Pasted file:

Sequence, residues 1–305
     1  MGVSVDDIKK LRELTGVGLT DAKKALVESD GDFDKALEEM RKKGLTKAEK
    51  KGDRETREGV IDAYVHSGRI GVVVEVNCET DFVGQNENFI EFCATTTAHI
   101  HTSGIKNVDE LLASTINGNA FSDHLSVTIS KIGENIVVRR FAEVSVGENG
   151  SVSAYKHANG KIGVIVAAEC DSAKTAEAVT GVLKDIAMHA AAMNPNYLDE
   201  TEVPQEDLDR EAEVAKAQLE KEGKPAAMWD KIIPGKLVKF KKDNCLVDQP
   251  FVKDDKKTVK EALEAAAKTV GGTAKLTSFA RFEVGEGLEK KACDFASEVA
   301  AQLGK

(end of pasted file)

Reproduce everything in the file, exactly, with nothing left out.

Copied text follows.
Sequence, residues 1–305
     1  MGVSVDDIKK LRELTGVGLT DAKKALVESD GDFDKALEEM RKKGLTKAEK
    51  KGDRETREGV IDAYVHSGRI GVVVEVNCET DFVGQNENFI EFCATTTAHI
   101  HTSGIKNVDE LLASTINGNA FSDHLSVTIS KIGENIVVRR FAEVSVGENG
   151  SVSAYKHANG KIGVIVAAEC DSAKTAEAVT GVLKDIAMHA AAMNPNYLDE
   201  TEVPQEDLDR EAEVAKAQLE KEGKPAAMWD KIIPGKLVKF KKDNCLVDQP
   251  FVKDDKKTVK EALEAAAKTV GGTAKLTSFA RFEVGEGLEK KACDFASEVA
   301  AQLGK